The noise, the loud noises turn into ringing. He looks around him as people pointed phones at him. But he couldn’t handle it, because turning around means feeling the drips on his face, and seeing blood on the ground with the spine and the jaw and-
His dad stood next to him, holding him in a half hug. Robin’s family were all huddled together, her mom crying her eyes out.
There were a lot of people, people that along with Robin’s family as well as him, can pinpoint as to who they were in connection to her. But they noticed … a lot of unknowns. People he never heard of before. The type of people Robin would never associate with, even.
That’s when he hears someone whispers.
“How can a Supe die that easily?”
“Dude, her powers are literally turning ghost. She needs to die to discover her powers, no wonder no one ever heard of her before if she didn’t know it herself.”
Something cracks inside of him. He knew for a fact that Robin was not a Supe, he knew because he understood what happened right after her death.
He wanted her back.
He didn’t think about how he wanted her back, he just wanted her back, and not her body. She was suffering because he didn’t think it through, and he couldn’t let her suffer any longer. He thought wrong, and Robin paid the price, and now all these people are just here to ogle at her casket that didn’t even have anything but her two arms inside it.
At the end, he had to call up the funeral director to help kick out anyone who doesn’t have any relationship to her, stating that this is a family and friend private funeral. Robin’s parents and sister looked grateful.
When they get back home they sit on the couch, like they always do. It was his only comfort having his dad here. If only his dad could also listen to him instead of just sit next to him. He does hear him, but he doesn’t … get it sometimes.
But how can a normal person understand a Supe?
He hates it, the couch. It used to have all three of them. Mom physically died, but the two of them basically died along with her.
Only mom understood him completely, but how the hell would he be sure about that? She died when he was seven, for all he knew she wouldn’t be understanding him now as an adult.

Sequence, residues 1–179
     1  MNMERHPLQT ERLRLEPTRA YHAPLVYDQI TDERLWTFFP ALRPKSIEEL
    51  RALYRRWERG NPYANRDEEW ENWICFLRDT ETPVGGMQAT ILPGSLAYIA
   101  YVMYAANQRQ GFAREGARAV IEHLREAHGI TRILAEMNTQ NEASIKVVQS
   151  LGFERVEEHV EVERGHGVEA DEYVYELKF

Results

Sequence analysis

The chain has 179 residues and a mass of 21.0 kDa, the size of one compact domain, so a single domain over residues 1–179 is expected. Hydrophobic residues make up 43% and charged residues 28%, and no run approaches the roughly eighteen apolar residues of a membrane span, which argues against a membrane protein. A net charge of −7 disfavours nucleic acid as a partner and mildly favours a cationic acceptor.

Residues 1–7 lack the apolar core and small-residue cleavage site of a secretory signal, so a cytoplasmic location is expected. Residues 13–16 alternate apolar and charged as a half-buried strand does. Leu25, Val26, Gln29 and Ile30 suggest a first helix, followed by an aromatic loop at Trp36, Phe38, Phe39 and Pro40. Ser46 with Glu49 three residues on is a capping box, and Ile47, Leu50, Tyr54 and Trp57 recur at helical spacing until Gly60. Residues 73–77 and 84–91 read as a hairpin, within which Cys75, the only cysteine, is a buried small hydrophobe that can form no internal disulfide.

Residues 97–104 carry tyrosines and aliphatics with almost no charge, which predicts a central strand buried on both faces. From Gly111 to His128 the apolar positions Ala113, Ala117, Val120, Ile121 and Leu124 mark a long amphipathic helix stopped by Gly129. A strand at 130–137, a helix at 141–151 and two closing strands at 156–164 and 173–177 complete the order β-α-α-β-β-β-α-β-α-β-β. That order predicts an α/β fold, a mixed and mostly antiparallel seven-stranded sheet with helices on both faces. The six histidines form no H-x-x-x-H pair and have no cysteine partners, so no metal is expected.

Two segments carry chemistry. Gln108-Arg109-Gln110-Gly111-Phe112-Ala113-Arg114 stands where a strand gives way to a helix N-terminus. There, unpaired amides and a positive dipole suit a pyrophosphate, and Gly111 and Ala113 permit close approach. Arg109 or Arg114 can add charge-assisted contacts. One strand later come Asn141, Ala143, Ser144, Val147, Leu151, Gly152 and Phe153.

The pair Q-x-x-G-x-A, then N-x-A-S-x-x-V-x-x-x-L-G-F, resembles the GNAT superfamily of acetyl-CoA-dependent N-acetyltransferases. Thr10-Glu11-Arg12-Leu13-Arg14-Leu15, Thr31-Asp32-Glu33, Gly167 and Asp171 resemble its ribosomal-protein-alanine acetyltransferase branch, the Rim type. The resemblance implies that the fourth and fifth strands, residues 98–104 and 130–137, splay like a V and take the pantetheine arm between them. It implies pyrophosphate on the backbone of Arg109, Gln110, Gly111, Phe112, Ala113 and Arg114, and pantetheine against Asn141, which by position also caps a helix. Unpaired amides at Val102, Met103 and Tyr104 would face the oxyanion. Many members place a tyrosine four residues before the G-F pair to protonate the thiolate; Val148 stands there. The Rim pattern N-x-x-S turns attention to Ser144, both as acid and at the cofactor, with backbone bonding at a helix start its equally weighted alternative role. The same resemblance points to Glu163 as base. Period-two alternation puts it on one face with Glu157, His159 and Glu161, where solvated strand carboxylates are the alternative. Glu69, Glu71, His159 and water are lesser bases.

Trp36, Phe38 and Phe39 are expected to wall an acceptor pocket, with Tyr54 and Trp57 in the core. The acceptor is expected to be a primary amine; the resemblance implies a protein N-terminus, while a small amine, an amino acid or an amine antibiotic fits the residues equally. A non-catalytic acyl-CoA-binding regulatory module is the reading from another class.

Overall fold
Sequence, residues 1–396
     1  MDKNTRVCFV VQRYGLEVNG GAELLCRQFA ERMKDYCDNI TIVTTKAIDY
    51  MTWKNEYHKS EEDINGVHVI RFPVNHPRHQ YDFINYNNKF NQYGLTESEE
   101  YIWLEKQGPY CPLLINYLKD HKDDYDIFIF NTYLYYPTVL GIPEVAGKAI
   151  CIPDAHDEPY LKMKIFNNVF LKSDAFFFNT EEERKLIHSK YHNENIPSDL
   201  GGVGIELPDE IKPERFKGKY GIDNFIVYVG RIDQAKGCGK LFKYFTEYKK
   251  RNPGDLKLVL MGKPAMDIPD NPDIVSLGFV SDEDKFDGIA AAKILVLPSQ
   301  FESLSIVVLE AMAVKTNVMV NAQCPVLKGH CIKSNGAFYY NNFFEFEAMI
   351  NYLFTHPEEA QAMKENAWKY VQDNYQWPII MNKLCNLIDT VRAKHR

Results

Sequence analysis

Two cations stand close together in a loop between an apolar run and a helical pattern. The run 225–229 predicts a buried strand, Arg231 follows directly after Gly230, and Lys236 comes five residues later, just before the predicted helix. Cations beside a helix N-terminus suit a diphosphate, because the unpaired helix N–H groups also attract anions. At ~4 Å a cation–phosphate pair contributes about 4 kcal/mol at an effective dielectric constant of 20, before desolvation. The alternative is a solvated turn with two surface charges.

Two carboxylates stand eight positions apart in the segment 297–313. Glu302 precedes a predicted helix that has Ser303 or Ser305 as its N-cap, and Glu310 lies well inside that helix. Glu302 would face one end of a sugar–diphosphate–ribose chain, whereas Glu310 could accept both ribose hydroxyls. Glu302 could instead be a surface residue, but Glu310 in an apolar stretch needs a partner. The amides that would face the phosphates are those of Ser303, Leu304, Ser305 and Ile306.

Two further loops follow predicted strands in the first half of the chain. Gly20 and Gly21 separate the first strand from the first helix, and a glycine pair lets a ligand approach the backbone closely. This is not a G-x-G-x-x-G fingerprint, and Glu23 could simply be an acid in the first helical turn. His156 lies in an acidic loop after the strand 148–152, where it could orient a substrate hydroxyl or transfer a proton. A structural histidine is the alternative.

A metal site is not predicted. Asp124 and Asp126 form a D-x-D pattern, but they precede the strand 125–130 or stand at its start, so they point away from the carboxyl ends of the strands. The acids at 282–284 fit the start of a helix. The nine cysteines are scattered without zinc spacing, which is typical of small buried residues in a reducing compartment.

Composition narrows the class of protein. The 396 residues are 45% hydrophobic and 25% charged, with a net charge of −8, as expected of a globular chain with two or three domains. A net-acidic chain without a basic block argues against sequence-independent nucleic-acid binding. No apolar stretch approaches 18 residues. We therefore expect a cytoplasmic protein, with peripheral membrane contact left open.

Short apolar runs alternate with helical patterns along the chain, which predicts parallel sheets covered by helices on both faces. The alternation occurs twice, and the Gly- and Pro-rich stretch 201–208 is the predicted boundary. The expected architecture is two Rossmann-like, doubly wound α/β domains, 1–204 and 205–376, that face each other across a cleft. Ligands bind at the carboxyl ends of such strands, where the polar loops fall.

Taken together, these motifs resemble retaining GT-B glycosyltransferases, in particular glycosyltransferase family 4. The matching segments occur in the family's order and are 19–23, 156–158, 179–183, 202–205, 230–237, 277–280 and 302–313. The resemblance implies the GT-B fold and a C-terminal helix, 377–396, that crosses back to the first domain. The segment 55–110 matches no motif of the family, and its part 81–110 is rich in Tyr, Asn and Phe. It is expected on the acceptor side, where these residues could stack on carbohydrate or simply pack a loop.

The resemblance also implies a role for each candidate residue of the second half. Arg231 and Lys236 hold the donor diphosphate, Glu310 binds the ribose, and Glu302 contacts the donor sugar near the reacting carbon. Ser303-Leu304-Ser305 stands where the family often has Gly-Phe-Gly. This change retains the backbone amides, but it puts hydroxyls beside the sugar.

“-the spread … just really nice.” his father says, and he realized he skipped everything he said. He had to breath in with his eyes closed, because spreads? Really?
That’s when they both heard her voice.
Of course, Hughie would know this voice, who wouldn’t? The CEO of Vought, the sponsor of the seven.
He sees the headline banner “A-TRAIN OFFERS DEEPEST CONDOLENCES” in big letter, but in smaller letters below it says, “TRAGIC LOSS CHASING BANK ROBBERS”.
And that … felt wrong.
His father tries to change it, but Hughie doesn’t let him.
His ear is ringing again, that sharp ringing that reminds you of old amps that need fine-tuning, that comes up and splits your ears the moment you turn one on.
“My deepest condolences to Robin Ward’s family. I was chasing these bank robbers,” Hughie’s hearing … the ringing’s too loud. “And she just stepped in the middle of the street, and I-I couldn’t-”
“In the middle of the street?” Hughie says out loud. She wasn’t. “She was half a step off the fucking curb.”
“Oh come now, Hughie, don’t get upset.” His dad starts, there’s worry, there’s an old worry that he hasn’t heard in a long time, not since therapy, “Just- He knows …”
The ringing is too loud.
His dad’s hand was on his shoulders, in that same old familiar soothing way. But it wasn’t helping.
It wasn’t helping because-
And they’re ruining Robin’s reputation, making it sound like it was her fault. He couldn’t-
“I want him to stop lying, and to tell the whole goddamn truth.”
“There was no bank robbery, she was right on the curb. I lied. I just wasn’t focusing enough and didn’t care if anyone’s on the sidewalk to move to the middle of the street.”
Silence. The ringing is gone, and the TV’s background sounds hushed as something horrible was being processed. Hughie felt sick, and he felt the hand on his shoulder move to the back of his head, pulling his head closer.
“Oh god, Hughie, stop it, you’re hurting yourself!” His dad was freaking out, and now tissue’s filled his view as they slowly turned red.
Even without seeing the screen, he can tell that the press conference exploded with questions.
Hughie just felt dizzy.
He’s hearing the doorbell now, he wasn’t even sure if that’s real anymore.
“Hughie! Oh god, oh no. Fuck.” His dad had to get off the couch and lay him carefully, with an anxious face, he apologized, leaving him alone. He felt something soaking the couch beneath him, raising his hands only gave him the view of hands drenched with blood.